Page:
Antigone The Tragic Hero

There has always been a bit of confusion as to the tragic hero of the Greek

Drama Antigone. Many assume that simply because the play is named for Antigone,
that she is the tragic hero. However, evidence supports that Creon, and not

Antigone, is the tragic hero of the play. Examining the factors that create a

Greek Tragedy, and a tragic character, it is clear that the tragic hero is in
fact Creon. First, take into account the timeframe in which Antigone was
written. During the time of Sophocles, women were considered second class
citizens. They would not even be permitted to act in the drama Antigone. It
seems unlikely that Sophocles would choose a woman as the tragic hero of the
play. There are certain qualities that a character must posses in order to
qualify as a tragic hero. Ideally, the tragic hero is a person of some status,
usually king. Although the fact that Antigone was part of the royal lineage,
being a descendent of Oedipus, Creon’s position of King of Thebes suits a
tragic character much more effectively. Also, at the end of the play it is
customary for the tragic hero to have lost everything, to be reduced to nothing.

At the end of Antigone, Creon had lost his kingdom, his son, his wife, and his
will to live, but is doomed to live on in his pain. Antigone loses her life, but
it was not a loss in vain, for she did accomplish what she set out to do. It is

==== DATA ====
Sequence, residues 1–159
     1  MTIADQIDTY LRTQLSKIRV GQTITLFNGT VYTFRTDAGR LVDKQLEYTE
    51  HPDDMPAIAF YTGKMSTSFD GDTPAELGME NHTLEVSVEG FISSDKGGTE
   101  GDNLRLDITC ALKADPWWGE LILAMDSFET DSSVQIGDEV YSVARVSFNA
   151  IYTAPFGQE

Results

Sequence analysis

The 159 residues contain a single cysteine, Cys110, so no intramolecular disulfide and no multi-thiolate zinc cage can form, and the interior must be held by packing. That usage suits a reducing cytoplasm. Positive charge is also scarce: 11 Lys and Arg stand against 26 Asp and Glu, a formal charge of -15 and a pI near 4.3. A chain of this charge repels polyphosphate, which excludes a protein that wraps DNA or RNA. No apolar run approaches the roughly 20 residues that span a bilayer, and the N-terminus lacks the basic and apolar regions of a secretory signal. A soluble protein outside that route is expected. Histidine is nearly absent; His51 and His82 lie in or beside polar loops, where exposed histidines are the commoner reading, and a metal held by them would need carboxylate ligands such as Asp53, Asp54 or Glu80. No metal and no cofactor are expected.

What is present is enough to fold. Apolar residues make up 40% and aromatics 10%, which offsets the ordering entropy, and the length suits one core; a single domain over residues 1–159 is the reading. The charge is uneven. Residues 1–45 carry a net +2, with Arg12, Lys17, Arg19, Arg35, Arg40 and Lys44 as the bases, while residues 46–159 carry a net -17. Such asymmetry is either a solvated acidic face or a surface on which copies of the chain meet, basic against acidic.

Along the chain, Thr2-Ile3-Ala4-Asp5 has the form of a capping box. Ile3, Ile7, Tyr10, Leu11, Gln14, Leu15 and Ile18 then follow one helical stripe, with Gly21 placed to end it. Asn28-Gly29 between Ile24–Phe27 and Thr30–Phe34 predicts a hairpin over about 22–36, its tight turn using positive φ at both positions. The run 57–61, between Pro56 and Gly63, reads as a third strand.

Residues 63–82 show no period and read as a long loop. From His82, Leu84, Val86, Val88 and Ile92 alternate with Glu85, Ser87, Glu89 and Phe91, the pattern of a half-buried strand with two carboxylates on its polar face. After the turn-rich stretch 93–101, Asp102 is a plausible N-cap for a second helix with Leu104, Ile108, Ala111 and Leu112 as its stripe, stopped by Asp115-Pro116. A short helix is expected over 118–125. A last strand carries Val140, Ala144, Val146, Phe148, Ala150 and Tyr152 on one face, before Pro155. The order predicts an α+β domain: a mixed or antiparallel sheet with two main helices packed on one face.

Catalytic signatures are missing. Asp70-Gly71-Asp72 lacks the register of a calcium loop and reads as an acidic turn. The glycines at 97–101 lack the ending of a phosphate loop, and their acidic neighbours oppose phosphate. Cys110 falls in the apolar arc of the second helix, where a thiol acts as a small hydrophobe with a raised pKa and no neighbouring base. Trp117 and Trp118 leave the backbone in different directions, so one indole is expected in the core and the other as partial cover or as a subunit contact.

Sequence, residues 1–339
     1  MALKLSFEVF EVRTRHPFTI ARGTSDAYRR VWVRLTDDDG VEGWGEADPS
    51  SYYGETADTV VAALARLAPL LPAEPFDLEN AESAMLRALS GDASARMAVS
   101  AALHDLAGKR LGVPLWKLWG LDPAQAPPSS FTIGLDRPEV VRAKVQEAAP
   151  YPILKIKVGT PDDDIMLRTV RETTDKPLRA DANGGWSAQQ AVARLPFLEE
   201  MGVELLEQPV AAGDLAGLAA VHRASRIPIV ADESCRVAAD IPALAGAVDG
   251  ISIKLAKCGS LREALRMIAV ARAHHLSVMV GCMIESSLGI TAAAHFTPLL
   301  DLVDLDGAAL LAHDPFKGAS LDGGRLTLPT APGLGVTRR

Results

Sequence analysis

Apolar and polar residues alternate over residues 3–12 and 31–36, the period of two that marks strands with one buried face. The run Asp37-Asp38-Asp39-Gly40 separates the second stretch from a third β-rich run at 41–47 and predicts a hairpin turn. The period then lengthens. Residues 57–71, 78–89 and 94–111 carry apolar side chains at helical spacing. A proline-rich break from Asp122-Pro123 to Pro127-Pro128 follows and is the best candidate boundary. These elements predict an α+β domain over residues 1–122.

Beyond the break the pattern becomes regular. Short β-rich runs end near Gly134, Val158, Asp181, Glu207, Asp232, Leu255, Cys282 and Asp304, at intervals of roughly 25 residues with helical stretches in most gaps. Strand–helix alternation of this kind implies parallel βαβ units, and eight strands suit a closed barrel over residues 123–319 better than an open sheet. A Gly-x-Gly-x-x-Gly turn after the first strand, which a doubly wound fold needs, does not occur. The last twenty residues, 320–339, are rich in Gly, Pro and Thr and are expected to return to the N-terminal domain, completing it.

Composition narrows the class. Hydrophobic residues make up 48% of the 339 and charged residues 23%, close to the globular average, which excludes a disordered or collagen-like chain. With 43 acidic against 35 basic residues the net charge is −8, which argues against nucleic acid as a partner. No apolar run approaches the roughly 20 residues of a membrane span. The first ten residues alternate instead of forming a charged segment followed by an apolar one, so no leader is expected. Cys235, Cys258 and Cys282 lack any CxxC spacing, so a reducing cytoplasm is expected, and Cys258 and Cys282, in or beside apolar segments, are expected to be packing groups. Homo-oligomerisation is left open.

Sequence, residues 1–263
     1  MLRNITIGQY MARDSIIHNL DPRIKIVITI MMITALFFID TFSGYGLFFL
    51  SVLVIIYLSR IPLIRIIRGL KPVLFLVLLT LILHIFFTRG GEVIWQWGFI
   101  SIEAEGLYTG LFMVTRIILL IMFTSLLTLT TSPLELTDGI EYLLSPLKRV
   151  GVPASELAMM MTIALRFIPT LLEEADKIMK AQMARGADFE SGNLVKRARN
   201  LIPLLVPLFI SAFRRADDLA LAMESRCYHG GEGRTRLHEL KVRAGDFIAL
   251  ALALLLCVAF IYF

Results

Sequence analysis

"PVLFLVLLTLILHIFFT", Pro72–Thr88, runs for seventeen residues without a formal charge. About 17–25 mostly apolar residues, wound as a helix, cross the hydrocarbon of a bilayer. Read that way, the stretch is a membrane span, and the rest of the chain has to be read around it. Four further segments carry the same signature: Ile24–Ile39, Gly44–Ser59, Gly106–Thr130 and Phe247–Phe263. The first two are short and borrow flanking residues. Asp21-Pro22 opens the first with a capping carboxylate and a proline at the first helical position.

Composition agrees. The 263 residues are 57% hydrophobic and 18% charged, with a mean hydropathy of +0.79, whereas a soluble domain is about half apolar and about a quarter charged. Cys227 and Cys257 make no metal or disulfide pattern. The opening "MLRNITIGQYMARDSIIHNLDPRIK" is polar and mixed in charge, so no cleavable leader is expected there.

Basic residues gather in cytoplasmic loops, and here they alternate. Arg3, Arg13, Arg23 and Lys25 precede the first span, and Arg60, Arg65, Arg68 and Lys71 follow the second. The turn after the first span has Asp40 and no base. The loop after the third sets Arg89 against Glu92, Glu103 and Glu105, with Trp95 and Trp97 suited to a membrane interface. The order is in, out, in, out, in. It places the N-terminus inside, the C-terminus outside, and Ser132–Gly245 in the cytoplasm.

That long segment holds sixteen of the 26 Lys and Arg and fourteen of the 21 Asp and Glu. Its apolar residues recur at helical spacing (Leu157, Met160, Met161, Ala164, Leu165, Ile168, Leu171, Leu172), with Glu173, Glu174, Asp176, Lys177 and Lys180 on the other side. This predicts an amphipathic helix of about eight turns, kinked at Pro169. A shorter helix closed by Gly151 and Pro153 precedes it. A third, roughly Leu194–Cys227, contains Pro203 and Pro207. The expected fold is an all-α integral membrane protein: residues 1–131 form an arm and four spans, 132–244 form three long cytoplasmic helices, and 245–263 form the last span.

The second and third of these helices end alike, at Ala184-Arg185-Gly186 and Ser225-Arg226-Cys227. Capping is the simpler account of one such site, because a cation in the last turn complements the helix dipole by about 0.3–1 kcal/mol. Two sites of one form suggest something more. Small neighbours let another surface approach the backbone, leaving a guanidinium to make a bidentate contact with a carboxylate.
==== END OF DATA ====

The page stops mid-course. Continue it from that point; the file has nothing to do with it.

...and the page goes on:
questionable as to whether Antigone was seeking martyrdom, but she certainly did
become one, dying for her beliefs. The most important characteristic of the
tragic hero is the tragic flaw, the one attribute that causes the inevitable
downfall of the character. It is argued that Antigone’s tragic flaw was
stubbornness. She is called stubborn in the play by Creon and also by the
chorus. Yet, some would call her steadfast, rather than stubborn. A stubborn
person would continue to argue even after he or she realized they were wrong.

For Antigone, no such realization was made. In her own eyes, the eyes of the
people, and even the eyes of the gods, Antigone was certainly in the right.

Creon, on the other hand, possessed a classic flaw, hubris, or excessive pride.

Because of his pride, Creon could not hear the sense spoken by his son, or the
blind prophet Teresius. He could not let Antigone go unpunished for her crime
for fear of looking weak to his kingdom. Thus his own bad decisions mixed with
fate caused his downfall. This is an exact description of a tragic hero.

Finally, the tragic hero of a Greek Drama realizes too late his bad decision.

This moment of realization, called anagnorisus, never occurred for Antigone, who
died righteously. However, Creon does realize his tragic flaw at the end of the
play, laments, and but for the good grace of the Chorogus, would have committed
suicide, (something tragic heroes are known to do). All things considered, Creon
must be the tragic hero of Antigone. He was the only character who met the
criteria. The other characters, like the messenger, or Teriseus, or Creon’s
son Haimon are minor characters and are clearly not the tragic heroes of the
play. Creon suffered the most, his losses were the greatest, and he was the only
character to posses a tragic flaw. It is safe to assume that the only reason for

Antigone ever being considered a tragic hero, is the misleading title of the